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Cathedral of St. Stephen
Cathedral of St. Stephen in Hvar
Cathedral of St. Stephen from Pjaca
Cathedral of St. Stephen from Pjaca

Country  Croatia
Denomination Roman Catholic
Style Renaissance

The Cathedral of St. Stephen in Hvar (Croatian: Katedrala Svetog Stjepana) is a Roman Catholic cathedral in the town of Hvar (town), on island of Hvar in Split-Dalmatia County, Croatia.



The most impressive building in Hvar is definitely the Cathedral of St. Stephen, standing on the eastern side of the town square, at the far end of the Pjaca, where two parts of the town meet. It was built on the site of an early 6th century Christian church and a later Benedictine convent of St Mary.[1]


The shrine of today's cathedral is the remains of a Gothic church from the 14th century. Its 15th C pulpit, the stone polyptychs of St. Luke and The Flagellation of Christ, as well as the late Gothic crucifix, have all been preserved. St. Stephen's is a rather unremarkable triple-aisled church with a nice 17th-century bell tower,[2] and is a harmonious synthesis of the Renaissance, manneristic and early Baroque styles so typical of the Dalmatian architecture of the 15th and 16th centuries.[3] The inside has quite a few late Renaissance paintings and a nice wooden 16th-century choir area.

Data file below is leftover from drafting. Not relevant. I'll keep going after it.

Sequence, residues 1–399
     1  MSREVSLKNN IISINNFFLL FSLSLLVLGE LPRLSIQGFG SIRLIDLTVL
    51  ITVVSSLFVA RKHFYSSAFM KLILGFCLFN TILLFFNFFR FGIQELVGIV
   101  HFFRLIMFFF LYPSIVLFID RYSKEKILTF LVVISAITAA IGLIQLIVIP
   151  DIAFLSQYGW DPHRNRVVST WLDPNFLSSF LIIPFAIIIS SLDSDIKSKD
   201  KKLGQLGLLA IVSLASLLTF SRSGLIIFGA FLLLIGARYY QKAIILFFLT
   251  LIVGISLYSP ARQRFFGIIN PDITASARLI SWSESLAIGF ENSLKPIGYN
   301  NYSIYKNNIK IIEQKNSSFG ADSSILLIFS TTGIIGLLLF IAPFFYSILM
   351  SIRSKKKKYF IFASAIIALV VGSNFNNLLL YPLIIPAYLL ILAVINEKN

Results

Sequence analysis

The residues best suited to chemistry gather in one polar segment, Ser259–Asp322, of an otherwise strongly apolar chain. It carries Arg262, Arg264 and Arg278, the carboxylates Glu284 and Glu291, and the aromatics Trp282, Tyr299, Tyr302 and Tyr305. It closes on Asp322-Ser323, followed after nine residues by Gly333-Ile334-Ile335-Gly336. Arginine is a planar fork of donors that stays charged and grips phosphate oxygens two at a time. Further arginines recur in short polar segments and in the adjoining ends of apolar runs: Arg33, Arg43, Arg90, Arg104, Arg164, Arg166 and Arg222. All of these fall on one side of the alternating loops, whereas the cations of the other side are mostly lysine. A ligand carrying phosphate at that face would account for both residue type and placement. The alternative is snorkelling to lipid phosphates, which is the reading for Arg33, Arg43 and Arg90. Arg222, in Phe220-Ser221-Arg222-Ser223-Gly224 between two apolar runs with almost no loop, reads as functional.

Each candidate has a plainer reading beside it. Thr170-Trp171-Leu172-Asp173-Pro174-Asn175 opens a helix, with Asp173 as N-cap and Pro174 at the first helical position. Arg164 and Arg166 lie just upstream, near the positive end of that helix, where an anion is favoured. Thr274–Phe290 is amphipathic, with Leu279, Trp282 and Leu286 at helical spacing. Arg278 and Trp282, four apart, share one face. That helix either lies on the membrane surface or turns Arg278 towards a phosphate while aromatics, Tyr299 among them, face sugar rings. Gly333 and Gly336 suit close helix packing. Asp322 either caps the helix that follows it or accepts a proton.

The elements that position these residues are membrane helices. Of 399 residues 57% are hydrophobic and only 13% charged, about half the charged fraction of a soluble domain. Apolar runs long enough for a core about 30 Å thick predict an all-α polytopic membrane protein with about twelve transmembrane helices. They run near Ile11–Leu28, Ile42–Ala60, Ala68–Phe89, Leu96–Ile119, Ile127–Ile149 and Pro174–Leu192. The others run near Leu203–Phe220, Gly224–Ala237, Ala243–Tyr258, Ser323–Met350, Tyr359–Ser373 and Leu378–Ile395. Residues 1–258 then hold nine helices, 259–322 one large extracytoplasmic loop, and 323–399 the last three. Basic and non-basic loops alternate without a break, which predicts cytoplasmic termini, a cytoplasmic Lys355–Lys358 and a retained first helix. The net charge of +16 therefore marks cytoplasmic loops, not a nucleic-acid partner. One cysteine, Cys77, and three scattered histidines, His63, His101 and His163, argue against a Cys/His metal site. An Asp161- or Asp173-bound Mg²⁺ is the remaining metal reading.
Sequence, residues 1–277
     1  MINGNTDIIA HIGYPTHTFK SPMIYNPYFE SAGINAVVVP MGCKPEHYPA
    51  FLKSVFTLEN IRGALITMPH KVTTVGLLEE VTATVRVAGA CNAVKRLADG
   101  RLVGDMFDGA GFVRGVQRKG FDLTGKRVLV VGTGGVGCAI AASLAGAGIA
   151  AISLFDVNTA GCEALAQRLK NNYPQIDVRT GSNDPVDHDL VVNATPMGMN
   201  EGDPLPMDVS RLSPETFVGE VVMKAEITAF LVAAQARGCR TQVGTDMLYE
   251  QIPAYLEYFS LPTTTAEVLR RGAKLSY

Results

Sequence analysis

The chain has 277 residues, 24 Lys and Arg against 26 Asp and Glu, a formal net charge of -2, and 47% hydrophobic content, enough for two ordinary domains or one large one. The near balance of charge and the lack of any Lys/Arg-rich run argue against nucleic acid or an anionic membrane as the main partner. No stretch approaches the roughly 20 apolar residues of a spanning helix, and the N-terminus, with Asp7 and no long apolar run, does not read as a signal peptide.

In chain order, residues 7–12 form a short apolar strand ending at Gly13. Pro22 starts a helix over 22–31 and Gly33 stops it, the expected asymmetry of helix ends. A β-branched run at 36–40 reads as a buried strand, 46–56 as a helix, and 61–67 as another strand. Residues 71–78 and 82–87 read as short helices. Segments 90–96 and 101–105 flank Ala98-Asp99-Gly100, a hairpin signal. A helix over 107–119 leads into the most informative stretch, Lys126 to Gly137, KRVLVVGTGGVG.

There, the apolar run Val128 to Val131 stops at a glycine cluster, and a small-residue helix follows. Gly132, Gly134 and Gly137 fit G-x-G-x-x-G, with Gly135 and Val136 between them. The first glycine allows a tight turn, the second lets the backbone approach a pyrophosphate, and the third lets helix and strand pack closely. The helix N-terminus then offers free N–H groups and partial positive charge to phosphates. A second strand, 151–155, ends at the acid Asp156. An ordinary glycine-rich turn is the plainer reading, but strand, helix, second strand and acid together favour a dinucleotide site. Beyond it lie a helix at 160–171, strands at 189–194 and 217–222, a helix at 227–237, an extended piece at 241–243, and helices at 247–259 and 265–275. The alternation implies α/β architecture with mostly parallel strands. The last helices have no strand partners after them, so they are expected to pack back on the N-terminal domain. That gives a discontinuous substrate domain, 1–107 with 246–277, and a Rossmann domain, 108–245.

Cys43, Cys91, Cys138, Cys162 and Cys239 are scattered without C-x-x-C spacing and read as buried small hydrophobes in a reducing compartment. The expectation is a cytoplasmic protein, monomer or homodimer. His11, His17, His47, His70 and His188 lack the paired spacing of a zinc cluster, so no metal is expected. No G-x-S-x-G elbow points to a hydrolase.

See also


Coordinates: 43°10′N 16°27′E / 43.167°N 16.45°E / 43.167; 16.45



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